Wednesday, November 5, 2008

Election Reflections

At lunch today, Naomi, one of my colleagues, told the following story:

Her father was a poll worker in Wisconsin yesterday. An elderly African-American woman came in to vote. She was carrying with her a small package. The poll workers asked her what it was and she said, "I brought my ancestors with me." With that, she opened the package and took out pictures of several deceased relatives. The poll workers helped her set them up in the voting booth so they could be with her when she voted.
Naomi said that she's told the story three or four times and gets teary with each telling. She isn't the only one.
* * *
As always happens when I go to vote, I think about my grandparents. My grandfather died in March of 1986 and my grandmother in July of 1991. And, while I observe their yahrzeits at the appropriate season each year, I also think of Election Day as a pseudo-yahrzeit for each of them. In this, their adopted country, they savored the right to step up, to raise their voices, and to have them count. Never did either of them miss a trip to the polls on Election Day. Indeed, it is a most fitting tribute to their memories.

It was these thoughts that occupied my mind yesterday as I left my polling place. On the short walk home, I began to compose this post in my mind. And then this morning, I found the following poem on the blog of Rabbi James Stone Goodman:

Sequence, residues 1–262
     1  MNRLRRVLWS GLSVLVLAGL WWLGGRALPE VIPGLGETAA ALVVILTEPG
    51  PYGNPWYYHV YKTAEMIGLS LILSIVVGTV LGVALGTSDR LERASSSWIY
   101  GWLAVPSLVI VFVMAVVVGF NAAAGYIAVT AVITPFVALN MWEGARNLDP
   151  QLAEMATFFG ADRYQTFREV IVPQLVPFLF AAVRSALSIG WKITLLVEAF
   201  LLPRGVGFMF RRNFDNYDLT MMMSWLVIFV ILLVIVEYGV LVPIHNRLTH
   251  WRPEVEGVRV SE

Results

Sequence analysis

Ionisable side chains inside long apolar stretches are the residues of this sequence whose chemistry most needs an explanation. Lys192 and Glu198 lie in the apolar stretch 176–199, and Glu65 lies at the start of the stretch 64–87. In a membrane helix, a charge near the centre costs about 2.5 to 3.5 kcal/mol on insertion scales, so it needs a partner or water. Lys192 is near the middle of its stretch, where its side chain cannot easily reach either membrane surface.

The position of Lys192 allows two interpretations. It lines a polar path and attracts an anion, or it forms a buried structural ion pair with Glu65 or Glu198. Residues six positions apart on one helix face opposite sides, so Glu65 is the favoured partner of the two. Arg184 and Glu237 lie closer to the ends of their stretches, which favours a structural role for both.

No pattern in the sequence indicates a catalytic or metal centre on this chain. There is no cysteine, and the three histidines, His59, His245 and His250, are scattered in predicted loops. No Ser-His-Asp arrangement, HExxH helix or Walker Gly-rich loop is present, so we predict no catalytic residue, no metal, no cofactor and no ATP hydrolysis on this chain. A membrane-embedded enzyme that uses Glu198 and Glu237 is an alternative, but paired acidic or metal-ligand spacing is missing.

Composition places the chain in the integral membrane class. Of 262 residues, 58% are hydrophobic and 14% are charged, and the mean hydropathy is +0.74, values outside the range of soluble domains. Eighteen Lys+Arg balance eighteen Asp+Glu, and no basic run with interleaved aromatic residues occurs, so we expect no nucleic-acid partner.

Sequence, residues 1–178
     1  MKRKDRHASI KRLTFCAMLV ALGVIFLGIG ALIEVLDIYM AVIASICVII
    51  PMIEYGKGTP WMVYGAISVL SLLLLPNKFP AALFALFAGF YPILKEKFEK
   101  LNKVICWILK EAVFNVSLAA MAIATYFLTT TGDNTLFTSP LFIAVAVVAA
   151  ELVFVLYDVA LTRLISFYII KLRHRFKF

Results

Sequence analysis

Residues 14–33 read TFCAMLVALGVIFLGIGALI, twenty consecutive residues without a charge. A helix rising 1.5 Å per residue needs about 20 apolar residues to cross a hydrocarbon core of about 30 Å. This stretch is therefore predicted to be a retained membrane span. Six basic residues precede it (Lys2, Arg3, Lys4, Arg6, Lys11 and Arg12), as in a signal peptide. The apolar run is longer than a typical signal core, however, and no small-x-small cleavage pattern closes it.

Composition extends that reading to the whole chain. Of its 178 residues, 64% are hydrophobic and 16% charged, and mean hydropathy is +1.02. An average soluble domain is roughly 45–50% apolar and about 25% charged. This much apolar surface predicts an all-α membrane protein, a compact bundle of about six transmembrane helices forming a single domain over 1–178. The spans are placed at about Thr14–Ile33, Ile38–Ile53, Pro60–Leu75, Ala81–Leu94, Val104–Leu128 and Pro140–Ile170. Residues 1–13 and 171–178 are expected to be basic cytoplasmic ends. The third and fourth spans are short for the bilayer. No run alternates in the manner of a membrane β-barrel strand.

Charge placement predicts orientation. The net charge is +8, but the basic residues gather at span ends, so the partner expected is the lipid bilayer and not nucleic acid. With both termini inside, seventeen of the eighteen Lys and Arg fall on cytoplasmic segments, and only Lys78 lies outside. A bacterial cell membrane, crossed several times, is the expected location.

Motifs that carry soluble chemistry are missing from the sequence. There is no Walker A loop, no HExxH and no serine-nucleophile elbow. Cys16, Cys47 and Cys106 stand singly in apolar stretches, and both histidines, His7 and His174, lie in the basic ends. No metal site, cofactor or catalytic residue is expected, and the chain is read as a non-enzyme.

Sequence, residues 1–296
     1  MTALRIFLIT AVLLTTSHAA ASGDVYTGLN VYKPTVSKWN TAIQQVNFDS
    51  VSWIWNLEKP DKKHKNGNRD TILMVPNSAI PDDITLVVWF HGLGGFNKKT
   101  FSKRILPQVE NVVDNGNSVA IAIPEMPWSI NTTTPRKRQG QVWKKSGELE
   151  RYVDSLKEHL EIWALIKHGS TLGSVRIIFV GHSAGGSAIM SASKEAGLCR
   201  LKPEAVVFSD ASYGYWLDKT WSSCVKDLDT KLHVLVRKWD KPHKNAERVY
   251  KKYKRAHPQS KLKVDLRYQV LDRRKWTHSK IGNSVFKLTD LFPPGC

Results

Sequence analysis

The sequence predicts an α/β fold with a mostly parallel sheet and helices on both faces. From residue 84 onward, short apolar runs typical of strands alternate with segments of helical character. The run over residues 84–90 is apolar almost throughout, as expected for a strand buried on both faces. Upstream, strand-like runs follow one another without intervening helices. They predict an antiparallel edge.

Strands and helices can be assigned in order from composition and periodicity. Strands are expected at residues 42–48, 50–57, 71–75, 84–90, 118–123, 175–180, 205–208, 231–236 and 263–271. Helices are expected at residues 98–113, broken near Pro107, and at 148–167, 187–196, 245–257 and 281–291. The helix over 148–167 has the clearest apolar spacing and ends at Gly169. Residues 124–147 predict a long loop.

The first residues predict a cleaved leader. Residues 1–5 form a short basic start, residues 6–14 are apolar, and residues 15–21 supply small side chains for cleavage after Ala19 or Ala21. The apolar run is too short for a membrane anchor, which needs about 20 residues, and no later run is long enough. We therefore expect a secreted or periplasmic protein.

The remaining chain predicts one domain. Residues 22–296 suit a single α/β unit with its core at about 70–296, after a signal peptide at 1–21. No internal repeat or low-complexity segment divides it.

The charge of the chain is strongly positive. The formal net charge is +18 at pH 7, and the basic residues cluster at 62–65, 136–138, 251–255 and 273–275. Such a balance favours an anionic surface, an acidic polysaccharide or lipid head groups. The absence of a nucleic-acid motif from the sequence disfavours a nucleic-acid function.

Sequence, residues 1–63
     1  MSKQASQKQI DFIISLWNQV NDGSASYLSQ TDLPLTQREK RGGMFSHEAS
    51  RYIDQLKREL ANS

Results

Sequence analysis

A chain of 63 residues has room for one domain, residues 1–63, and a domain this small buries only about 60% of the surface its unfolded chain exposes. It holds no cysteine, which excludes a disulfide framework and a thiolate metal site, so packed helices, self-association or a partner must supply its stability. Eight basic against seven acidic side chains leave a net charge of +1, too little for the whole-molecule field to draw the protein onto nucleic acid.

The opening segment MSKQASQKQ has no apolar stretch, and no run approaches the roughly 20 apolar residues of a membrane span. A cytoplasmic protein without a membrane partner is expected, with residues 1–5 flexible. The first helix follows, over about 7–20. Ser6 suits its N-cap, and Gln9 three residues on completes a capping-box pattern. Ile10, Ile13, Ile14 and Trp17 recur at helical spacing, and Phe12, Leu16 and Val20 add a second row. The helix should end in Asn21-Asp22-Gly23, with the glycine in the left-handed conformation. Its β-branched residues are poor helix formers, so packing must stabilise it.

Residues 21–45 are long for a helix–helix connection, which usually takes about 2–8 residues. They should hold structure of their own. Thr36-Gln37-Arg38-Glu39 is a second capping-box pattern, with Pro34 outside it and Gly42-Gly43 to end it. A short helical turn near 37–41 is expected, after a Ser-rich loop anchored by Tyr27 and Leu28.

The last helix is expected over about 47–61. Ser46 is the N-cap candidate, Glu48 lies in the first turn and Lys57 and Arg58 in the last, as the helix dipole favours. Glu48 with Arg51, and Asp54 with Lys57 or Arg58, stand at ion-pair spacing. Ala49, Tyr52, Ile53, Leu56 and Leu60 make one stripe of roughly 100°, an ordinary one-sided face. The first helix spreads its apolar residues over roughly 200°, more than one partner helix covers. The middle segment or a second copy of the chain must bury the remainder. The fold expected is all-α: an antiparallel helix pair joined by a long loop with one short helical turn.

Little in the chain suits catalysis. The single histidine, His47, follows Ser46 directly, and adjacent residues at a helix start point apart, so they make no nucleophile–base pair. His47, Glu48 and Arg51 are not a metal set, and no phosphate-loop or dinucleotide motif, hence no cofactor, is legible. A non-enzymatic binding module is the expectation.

Prayer After Voting

I voted
O holy God, I voted,
I felt good voting.
I honored my predecessors –
My grandparents, my parents of blessed memory –
Knowing, for them,
Was an ascendant experience.
They had complete confidence in our country
To provide opportunity for us
Their children
– That they did not have.

That is a matter of memory
Because I have had all opportunity,
But their stories reminded me that they
Did not.

I voted with the intention to honor them.
This year I voted from frustration too.

I voted against negativist language
Stiff, formal, and unbelievable to me –
The handlers speaking through puppets
Playing off fear in our country
When I want to vote for hope.

I voted for hope.
I voted for a deeper level of discourse
For a lower timbre of speech
Don’t yell at me pundits and politicians
And don’t think I am so easily played.
You couldn’t reach me with your strategies –
This year your strategies were transparent
And ugly –
And I turned off your voices
When they weren’t honest voices.

The problem is always discernment –
This year it was easy.
I know the truth when I hear it.
I voted out of discernment.

I voted for hope
I voted with the intention of honoring
Those who voted before me
During periods of higher expectations.

O holy God, I voted for higher expectations
Purification of purpose
Real talk from real people.

Politicos — don’t sweet talk me.
I’ll vote again.
Indeed, after such eloquence, there is nothing left to say.

1 comment:

  1. While many of us may have voted differently in his election, I believe all of us, with honor to our parents, grandparents and the like, did so out of respect and honor for the freedoms they fought for us, and the lessons they taught us along the way. Your post is truly a beautiful example of that, and I am so grateful to call you my friend.Thank you for articulating this so beautifully, even if we do not agree at the core of the issues. You are a wonderful human being, and I am so blessed to call you my friend. With love and so much respect, Melissa